Alphabet Inc (NASDAQ:GOOGL)’s Google appears to be having a plan to attract small and medium-sized businesses (SMBs) in Thailand. Accordingly, the search-engine giant is willing to subsidize mobile-friendly websites of such firms. However, such SMBs should agree for the company’s mobile ad service, according to eMarketer.
Alphabet’s Google assumed significance since Thailand is regarded as the rapidly growing mobile-first market. The research firm estimates that there would about 30 million smartphone users before the current year ends. That would mean representing nearly 44 percent of the country’s population.
Aside from that, eMarketer thinks that the pace of penetration will cross the threshold of 50 percent before the current decade ends. By then, there will be about 35.1 million people using smartphone in the country. This should go well with Google’s core revenue stream, which is moving towards mobile.
Though emarketer expects mobile ad spending to account for only 7.3 percent of all media spending in the current year in Thailand, However, within the digital ad spending, mobile ads would represent 41.8 percent. This is set to jump in the coming years. For instance, the research firm sees mobile ad spending to hit $343 million in 2020 from $168.5 million estimated for the current year. That would mean 14.3 percent of total media ad spending.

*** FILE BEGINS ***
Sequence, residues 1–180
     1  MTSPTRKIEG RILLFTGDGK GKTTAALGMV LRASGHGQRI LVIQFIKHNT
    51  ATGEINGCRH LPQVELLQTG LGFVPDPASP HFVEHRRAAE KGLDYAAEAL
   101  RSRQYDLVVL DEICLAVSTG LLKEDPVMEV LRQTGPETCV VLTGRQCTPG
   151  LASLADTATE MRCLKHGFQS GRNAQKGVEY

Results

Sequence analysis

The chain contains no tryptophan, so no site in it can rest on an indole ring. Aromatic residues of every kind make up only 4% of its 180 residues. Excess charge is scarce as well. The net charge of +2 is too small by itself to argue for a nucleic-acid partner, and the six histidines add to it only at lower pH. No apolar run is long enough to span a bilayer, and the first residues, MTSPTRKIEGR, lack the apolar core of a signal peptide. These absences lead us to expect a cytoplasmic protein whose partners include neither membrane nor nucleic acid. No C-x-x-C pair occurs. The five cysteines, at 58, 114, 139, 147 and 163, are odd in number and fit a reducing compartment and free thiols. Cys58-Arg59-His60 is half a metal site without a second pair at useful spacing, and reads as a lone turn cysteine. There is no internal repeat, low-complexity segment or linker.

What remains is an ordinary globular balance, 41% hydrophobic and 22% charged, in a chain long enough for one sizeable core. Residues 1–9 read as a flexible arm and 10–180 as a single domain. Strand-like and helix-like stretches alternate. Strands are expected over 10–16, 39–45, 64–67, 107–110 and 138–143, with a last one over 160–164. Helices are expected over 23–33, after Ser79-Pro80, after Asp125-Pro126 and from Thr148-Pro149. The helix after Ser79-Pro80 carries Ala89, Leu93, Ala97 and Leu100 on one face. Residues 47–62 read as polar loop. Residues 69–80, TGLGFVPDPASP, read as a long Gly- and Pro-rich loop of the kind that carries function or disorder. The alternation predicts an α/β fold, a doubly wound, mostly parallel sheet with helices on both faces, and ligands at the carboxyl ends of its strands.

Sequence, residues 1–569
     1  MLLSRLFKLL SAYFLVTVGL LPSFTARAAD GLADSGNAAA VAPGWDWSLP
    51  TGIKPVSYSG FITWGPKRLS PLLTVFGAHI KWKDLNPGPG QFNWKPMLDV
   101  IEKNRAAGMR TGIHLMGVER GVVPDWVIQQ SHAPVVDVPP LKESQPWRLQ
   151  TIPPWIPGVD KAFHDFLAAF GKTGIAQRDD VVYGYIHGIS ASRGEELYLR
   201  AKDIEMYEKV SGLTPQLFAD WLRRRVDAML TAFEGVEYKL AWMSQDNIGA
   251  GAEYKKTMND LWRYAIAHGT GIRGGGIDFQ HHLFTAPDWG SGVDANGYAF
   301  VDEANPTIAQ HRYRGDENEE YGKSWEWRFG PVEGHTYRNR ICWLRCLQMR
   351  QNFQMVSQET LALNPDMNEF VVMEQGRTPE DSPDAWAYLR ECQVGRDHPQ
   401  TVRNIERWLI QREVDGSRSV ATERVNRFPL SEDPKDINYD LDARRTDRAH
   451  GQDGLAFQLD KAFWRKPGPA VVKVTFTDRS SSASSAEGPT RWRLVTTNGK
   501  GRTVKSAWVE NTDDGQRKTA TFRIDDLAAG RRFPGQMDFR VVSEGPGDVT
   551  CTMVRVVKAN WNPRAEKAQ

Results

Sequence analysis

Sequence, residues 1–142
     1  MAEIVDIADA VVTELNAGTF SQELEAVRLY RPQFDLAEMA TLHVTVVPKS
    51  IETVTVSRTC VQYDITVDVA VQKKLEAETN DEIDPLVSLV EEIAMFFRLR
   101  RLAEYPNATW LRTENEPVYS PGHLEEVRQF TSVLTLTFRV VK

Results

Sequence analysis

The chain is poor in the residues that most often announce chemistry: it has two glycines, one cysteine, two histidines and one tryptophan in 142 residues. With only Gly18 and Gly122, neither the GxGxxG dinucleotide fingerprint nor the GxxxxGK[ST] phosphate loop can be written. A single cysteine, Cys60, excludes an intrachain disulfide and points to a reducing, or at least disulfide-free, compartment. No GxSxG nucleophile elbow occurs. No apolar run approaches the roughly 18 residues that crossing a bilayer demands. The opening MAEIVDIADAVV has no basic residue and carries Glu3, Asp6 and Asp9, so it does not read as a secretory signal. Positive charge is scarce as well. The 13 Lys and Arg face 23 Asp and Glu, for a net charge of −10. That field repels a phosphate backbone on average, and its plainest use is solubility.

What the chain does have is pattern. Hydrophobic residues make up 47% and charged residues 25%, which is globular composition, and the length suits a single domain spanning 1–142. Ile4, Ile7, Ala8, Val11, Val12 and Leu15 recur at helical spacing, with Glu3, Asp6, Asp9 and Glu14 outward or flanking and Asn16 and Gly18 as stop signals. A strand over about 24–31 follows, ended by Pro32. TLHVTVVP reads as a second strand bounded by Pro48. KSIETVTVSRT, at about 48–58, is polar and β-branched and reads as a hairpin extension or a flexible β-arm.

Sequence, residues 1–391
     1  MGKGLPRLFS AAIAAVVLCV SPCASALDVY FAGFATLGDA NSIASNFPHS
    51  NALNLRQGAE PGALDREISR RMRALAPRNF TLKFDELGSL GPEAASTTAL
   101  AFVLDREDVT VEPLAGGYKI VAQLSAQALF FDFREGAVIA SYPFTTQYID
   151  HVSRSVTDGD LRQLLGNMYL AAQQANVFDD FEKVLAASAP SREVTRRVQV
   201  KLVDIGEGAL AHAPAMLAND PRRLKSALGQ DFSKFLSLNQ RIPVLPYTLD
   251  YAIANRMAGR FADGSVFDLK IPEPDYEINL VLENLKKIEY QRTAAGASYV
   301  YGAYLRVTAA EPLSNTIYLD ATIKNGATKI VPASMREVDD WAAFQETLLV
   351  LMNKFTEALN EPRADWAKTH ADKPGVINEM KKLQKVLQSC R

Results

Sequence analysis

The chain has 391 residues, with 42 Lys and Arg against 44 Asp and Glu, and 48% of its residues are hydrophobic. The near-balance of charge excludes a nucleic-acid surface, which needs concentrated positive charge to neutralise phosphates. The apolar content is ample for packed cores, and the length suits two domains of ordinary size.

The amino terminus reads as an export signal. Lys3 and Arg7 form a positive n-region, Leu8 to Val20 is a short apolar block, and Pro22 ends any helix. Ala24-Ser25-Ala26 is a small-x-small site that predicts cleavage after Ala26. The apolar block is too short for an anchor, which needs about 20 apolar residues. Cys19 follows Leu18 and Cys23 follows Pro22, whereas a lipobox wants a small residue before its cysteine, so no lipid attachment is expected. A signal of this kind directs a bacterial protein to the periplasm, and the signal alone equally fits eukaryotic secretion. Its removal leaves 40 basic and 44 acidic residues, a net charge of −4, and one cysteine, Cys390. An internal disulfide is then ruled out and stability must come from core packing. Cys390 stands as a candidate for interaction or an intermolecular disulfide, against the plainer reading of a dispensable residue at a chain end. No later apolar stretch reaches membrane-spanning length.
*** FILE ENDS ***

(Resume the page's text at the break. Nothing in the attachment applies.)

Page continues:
Knowing the potentials of generating sizeable ad revenue, Google is focusing on SMBs in Thailand since they account for 40 percent of the country’s GDP. Alphabet thinks that only ten percent of SMBs have company websites in Thailand that leaves enough scope to promote mobile web pages.
The future lies in mobile website. Therefore, Google’s regional director for Southeast Asia, Ghislain Chatelier, commented that mobile website would be a key factor for marketing tool to boost SMB’s presence in the big community of online. The American firm has been promoting its accelerated mobile pages (AMP) for adoption supporting to prioritize AMP pages in its search results.
Google is pressured to bring back advertisers to its fold since Facebook attracted ad revenue of about $83 million last year compared to YouTube’s $48.6 million.